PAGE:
“I’m sorry, Lord Toranaga, I did not mean to be rude. May I tell you that we come in peace—”

  “You may not tell me anything at the moment. You will hold your tongue until I require an answer. Do you understand?”


  Mistake number one. Watch yourself. You can’t make mistakes, he told himself.

  “Why are you at war with Spain? And Portugal?”

  “Partially because Spain is bent on conquering the world and we English, and our allies the Netherlands, refuse to be conquered. And partially because of our religions.”

  “Ah! A religious war? What is your religion?”

  “I’m a Christian. Our Church—”

  “The Portuguese and Spanish are Christians! You said your religion was different. What is your religion?”

  “It’s Christian. It’s difficult to explain simply and quickly, Lord Toranaga. They’re both—”

  “There’s no need to be quick, Mr. Pilot, just accurate. I have plenty of time. I’m very patient. You’re a cultured man—obviously no peasant—so you can be simple or complicated as you wish, just so long as you’re clear. If you stray from the point I will bring you back. You were saying?”

  “My religion is Christian. There are two main Christian religions, Protestant and Catholic. Most English are Protestant.”

  “You worship the same God, the Madonna and Child?”

  “No, Sire. Not the way the Catholics do.” What does he want to know? Blackthorne was asking himself. Is he a Catholic? Should you answer what you think he wants to know, or what you think is the truth? Is he anti-Christian? Didn’t he call the Jesuit “my friend”? Is Toranaga a Catholic sympathizer, or is he going to become a Catholic?

  “Do you believe the Jesus is God?”

  “I believe in God,” he said carefully.

  “Do not evade a direct question! Do you believe the Jesus is God? Yes or no?”

  Blackthorne knew that in any Catholic court in the world he would have been damned long since for heresy. And in most, if not all, Protestant courts. Even to hesitate before answering such a question was an admission of doubt. Doubt was heresy. “You can’t answer questions about God with a simple ‘yes’ or ‘no.’ There have to be shades of ‘yes’ or ‘no.’ You don’t know for certain about God until you’re dead. Yes, I believe Jesus was God, but no, I don’t know for certain until I’m dead.”

  “Why did you smash the priest’s cross when you first arrived in Japan?”

  Blackthorne had not been expecting this question. Does Toranaga know everything that’s happened since I arrived? “I—I wanted to show the daimyo Yabu that the Jesuit, Father Sebastio—the only interpreter there—that he was my enemy, that he wasn’t to be trusted, at least, in my opinion. Because I was sure he wouldn’t necessarily translate accurately, not as Father Alvito is doing now. He accused us of being pirates, for instance. We’re not pirates, we come in peace.”

  “Ah yes! Pirates. I’ll come back to piracy in a moment. You say both your sects are Christian, both venerate Jesus the Christ? Isn’t the essence of his teaching ‘to love one another’?”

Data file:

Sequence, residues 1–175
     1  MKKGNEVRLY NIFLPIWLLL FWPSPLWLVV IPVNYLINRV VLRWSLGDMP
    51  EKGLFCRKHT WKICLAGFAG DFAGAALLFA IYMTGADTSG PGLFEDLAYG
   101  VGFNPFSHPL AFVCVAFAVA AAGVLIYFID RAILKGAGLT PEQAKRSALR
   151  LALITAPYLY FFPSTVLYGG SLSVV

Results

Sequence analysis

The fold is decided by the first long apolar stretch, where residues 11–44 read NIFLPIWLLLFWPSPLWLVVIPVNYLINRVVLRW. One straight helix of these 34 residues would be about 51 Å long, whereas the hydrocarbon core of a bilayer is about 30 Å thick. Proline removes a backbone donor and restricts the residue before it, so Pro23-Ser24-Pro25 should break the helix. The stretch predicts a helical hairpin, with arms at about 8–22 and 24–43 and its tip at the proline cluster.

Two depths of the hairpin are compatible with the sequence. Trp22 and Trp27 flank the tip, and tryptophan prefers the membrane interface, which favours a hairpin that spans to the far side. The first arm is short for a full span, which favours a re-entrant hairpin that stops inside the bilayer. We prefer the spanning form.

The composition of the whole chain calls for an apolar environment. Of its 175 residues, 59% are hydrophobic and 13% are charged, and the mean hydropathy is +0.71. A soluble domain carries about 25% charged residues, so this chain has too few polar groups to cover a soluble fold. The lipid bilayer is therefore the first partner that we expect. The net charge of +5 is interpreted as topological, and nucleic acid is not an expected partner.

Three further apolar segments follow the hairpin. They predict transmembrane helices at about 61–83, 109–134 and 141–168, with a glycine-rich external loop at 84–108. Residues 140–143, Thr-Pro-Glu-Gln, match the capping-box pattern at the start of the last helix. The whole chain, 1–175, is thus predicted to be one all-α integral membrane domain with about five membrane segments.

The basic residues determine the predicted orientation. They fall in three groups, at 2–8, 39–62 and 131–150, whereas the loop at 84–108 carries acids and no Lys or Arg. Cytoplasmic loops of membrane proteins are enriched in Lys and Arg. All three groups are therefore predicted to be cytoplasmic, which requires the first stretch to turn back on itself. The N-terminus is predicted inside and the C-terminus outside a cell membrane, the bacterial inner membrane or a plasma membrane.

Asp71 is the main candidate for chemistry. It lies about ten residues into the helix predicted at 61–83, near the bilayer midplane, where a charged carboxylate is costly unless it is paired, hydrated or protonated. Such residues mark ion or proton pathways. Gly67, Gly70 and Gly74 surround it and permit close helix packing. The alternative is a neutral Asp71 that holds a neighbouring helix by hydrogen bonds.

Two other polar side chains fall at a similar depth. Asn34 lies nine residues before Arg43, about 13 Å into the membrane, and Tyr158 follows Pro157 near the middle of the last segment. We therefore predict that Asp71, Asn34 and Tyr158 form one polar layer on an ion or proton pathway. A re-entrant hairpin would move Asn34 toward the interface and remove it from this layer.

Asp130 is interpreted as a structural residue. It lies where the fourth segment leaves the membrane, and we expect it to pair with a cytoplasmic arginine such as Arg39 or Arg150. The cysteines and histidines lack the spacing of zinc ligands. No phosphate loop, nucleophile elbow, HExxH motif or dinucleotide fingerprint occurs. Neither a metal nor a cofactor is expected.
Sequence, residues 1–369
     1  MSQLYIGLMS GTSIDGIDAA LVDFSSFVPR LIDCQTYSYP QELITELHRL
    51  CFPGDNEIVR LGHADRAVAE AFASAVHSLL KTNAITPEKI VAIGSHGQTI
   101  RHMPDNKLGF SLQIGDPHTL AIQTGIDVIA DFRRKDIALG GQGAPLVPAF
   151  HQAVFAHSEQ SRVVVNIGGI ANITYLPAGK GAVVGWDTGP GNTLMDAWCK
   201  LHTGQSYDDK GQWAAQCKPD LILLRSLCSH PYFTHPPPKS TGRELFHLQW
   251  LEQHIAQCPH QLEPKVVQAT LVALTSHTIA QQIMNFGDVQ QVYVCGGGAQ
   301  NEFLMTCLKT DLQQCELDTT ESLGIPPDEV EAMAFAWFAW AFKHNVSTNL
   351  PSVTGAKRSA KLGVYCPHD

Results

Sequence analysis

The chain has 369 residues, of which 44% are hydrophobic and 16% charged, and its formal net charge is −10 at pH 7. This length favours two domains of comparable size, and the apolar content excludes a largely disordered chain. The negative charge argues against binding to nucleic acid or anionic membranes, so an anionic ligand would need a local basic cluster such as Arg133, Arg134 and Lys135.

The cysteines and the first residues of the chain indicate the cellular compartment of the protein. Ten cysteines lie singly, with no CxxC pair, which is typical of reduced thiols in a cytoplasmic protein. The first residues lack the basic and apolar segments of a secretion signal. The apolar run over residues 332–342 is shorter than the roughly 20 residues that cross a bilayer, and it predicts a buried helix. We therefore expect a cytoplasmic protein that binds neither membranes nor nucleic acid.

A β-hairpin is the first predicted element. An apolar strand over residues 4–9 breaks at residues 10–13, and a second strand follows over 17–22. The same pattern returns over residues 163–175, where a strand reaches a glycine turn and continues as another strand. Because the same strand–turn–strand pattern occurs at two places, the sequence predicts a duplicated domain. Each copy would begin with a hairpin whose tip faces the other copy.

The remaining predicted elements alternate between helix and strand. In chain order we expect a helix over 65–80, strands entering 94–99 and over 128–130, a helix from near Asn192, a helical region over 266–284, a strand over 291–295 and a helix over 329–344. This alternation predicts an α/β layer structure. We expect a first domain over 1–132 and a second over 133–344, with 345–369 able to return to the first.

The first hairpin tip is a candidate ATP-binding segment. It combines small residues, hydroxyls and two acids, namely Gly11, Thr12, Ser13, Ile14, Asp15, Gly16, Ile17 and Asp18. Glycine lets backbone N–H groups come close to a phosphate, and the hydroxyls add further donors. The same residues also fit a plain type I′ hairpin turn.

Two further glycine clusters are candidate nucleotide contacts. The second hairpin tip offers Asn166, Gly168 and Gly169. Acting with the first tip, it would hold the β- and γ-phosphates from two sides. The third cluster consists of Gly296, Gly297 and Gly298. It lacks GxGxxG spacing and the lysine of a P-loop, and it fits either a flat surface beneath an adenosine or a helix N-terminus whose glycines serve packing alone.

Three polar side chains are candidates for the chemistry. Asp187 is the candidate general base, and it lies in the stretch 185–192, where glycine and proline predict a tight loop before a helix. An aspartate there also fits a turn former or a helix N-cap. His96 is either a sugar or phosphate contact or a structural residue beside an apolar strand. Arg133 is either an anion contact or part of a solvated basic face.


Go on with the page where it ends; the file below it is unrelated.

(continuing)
“Then how can you be enemies?”

  “Their faith—their version of Christianity is a false interpretation of the Scriptures.”

  “Ah! At last we’re getting somewhere. So you’re at war through a difference of opinion about what is God or not God?”


  “That’s a very stupid reason to go to war.”

  Blackthorne said, “I agree.” He looked at the priest. “I agree with all my heart.”

  “How many ships are in your fleet?”


  “And you were the senior pilot?”


  “Where are the others?”

  “Out to sea,” Blackthorne said carefully, continuing his lie, presuming that Toranaga had been primed to ask certain questions by Alvito. “We were split up in a storm and scattered. Where exactly I don’t know, Sire.”

  “Your ships were English?”

  “No, Sire. Dutch. From Holland.”

  “Why is an Englishman in charge of Dutch ships?”

  “That’s not unusual, Sire. We’re allies—Portuguese pilots some times lead Spanish ships and fleets. I understand Portuguese pilots con some of your ocean-going ships by law.”

  “There are no Dutch pilots?”

  “Many, Sire. But for such a long voyage English are more experienced.”

  “But why you? Why did they want you to lead their ships?”

  “Probably because my mother was Dutch and I speak the language fluently and I’m experienced. I was glad of the opportunity.”


  “This was my first opportunity to sail into these waters. No English ships were planning to come so far. This was a chance to circumnavigate.”

  “You yourself, Pilot, you joined the fleet because of your religion and to war against your enemies Spain and Portugal?”

  “I’m a pilot, Sire, first and foremost. No one English or Dutch has been in these seas before. We’re primarily a trading fleet, though we’ve letters of marque to attack the enemy in the New World. We came to Japan to trade.”

  “What are letters of marque?”

  “Legal licenses issued by the Crown—or government—giving authority to war on the enemy.”

  “Ah, and your enemies are here. Do you plan to war on them here?”

  “We did not know what to expect when we got here, Sire. We came here only to trade. Your country’s almost unknown—it’s legend. The Portuguese and Spanish are very closemouthed about this area.”

  “Answer the question: Your enemies are here. Do you plan to war on them here?”

  “If they war on me. Yes.”

  Toranaga shifted irritably. “What you do at sea or in your own countries is your own affair. But here there is one law for all and foreigners are in our land by permission only. Any public mischief or quarrel is dealt with immediately by death. Our laws are clear and will be obeyed. Do you understand?”

  “Yes, Sire. But we come in peace. We came here to trade. Could we discuss trade. Sire? I need to careen my ship and make repairs—we can pay for everything. Then there’s the ques—”

  “When I wish to discuss trade or anything else I will tell you. Meanwhile please confine yourself to answering the questions. So you joined the expedition to trade, for profit, not because of duty or loyalty? For money?”